I must say this election season is the weirdest one I've ever experienced ... evah! McCain runs out of money in the primaries ... then comes back ... then picks a total unknown for VP running mate ... then the banking crisis hits ... debates are off ... debates are on ... bailout in the works ... bailout tanks ... surreal interviews with a VP candidate.
Can I take a break, go down the rabbit hole and have some tea with the Mad Hatter and Alice? Please??
Unfortunately, the anxiety which was already present in our society has reached fever pitch. I just finished reading Edwin Friedman's last book, Failure of Nerve: Leadership in the Age of the Quick Fix. I highly recommend it for anyone in a leadership position (hint, all parents are in a leadership role with kids ... get the book!). Friedman talks about the emotional processes and symptomatic behaviors of highly anxious systems. Whether it's an anxious family, an anxious congregation, or an anxious country ... behaviors in those anxious systems are very similar.
Anxious systems seek to avoid pain to the extent that their leaders will run from anything which may cause pain in the system. The leaders will also adapt their functioning to the most immature member in the group. Whether it's a parent who caves in to their overindulged child, a pastor who gives in to a member who threatens to cut their pledge if the pastor doesn't do what they want, or a president who tries to push through a quick fix to cover up the failed policies of his administration - they all exhibit highly anxious reactive behaviors.
The first thing we need to do to combat this whole financial crisis is to calm down. Yeah, sounds like an easy platitude. But I'm entirely serious - everyone needs to calm down. Take a breath and slow down to get some perspective. I'm personally glad to see the congress battling this back and forth rather than cave with a quick fix that could likely do more harm than good.
Will there be pain in the short run? Yes. But some short term pain to produces a long term solution that will work is worth it. While I think Phil Gramm's characterization of the American people as a "nation of whiners" is wrong, I do believe that we have become a nation paralyzed by fear of pain and the loss of security. Friedman says fear of pain and fears around our security have stifled the creative spirit.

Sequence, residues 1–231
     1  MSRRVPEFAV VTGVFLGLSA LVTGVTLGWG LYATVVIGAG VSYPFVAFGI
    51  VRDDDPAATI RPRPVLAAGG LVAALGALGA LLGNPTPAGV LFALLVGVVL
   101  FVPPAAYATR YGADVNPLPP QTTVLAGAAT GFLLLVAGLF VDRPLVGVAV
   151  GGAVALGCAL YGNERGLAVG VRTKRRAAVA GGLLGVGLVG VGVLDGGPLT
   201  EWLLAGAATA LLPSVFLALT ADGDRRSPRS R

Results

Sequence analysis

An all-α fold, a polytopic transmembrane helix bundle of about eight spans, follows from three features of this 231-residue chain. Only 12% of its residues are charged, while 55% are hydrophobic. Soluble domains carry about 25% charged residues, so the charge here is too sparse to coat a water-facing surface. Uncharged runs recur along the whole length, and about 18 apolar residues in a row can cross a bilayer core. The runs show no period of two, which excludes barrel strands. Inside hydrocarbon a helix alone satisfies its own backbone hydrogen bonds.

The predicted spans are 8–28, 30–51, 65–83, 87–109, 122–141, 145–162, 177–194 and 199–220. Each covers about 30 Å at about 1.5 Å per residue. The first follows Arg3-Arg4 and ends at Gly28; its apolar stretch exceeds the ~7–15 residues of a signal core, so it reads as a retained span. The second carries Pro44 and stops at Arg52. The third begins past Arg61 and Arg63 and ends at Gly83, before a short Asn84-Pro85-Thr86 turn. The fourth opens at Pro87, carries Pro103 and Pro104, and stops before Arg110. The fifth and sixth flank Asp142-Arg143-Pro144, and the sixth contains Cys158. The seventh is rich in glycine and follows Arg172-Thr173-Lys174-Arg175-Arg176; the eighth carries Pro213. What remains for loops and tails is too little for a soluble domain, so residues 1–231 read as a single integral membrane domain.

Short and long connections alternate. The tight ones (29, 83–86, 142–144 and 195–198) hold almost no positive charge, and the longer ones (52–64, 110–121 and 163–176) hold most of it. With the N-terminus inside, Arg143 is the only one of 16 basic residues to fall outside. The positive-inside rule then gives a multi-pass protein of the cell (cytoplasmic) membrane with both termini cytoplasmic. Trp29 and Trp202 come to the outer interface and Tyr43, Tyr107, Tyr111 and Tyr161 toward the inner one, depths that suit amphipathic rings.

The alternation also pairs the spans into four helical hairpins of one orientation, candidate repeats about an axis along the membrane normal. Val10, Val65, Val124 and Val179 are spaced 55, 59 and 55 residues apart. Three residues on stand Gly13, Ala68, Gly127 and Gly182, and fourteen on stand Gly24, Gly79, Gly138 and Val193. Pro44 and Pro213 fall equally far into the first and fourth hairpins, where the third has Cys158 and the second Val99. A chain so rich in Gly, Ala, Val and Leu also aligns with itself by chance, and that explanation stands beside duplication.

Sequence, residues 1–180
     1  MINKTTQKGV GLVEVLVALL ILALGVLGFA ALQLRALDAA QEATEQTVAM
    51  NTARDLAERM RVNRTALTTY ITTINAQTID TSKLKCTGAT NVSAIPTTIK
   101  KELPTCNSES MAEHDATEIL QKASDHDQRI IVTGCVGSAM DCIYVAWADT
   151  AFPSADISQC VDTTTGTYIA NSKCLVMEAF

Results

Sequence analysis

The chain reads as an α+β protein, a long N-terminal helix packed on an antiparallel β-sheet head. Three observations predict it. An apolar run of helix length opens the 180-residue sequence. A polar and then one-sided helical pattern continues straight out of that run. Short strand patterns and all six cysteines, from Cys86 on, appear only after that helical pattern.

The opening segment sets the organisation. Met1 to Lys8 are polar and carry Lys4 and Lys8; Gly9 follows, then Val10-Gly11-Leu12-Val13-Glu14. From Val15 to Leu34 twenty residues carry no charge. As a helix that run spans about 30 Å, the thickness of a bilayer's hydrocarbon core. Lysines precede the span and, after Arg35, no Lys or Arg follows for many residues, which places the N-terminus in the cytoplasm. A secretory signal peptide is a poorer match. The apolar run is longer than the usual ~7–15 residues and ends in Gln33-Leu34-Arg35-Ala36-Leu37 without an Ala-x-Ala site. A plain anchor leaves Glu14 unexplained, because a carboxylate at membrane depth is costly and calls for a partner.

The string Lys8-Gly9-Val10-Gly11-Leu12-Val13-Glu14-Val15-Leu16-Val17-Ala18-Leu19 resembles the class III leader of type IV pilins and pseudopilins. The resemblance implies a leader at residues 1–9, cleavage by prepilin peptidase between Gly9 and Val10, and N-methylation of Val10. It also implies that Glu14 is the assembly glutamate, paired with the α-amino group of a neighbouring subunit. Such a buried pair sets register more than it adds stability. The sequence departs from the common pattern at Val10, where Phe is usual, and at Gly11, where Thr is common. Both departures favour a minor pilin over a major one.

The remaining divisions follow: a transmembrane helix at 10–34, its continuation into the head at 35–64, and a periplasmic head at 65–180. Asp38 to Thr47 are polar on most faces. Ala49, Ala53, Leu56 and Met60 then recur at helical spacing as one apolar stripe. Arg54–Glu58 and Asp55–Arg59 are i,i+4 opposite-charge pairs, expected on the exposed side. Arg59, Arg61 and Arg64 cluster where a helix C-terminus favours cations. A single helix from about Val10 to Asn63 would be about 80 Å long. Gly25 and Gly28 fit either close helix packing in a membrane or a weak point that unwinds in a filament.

Our early Christian brothers and sisters were not paralyzed by fears around security and pain. They lived in a very precarious time where starvation, disease and death were everyday occurrences. They spread the Gospel even in the face of persecution and possible death. Just imagine if Paul had been as worried about his own personal security as we are. Do you think he would have planted so many churches? Sure, he probably would have lived a longer life than he did (he was beheaded in Rome for being a Christian), but would you be a Christian if he had taken the safe route?
I think our fears and our worship of security are false idols. We worship them instead of God. We let our anxieties control our decisions rather than trusting God's plans and purposes. I have observed that some of the most anxious people are those who are living on the edge - maxed out on their credit cards, living in a home with a mortgage payment they really can't afford, trying to live way beyond their means, one paycheck away from disaster. Who do they trust? Who do you trust?
I think this financial crisis is a wake up call for people of faith. Where have I been placing my trust? Has it been in my ability to accumulate the stuff a consumerist society says I must have? Has it been in my ability to earn a lot of money? Has it been through buying a home I really can't afford but makes me look prestigious? All of these are forms of idolatry - a sin of misplaced trust.
It's time to reexamine our priorities and be honest about whether or not we have put our trust in the wrong things. The good news is Jesus Christ gives us a pathway to repent and return to the LORD.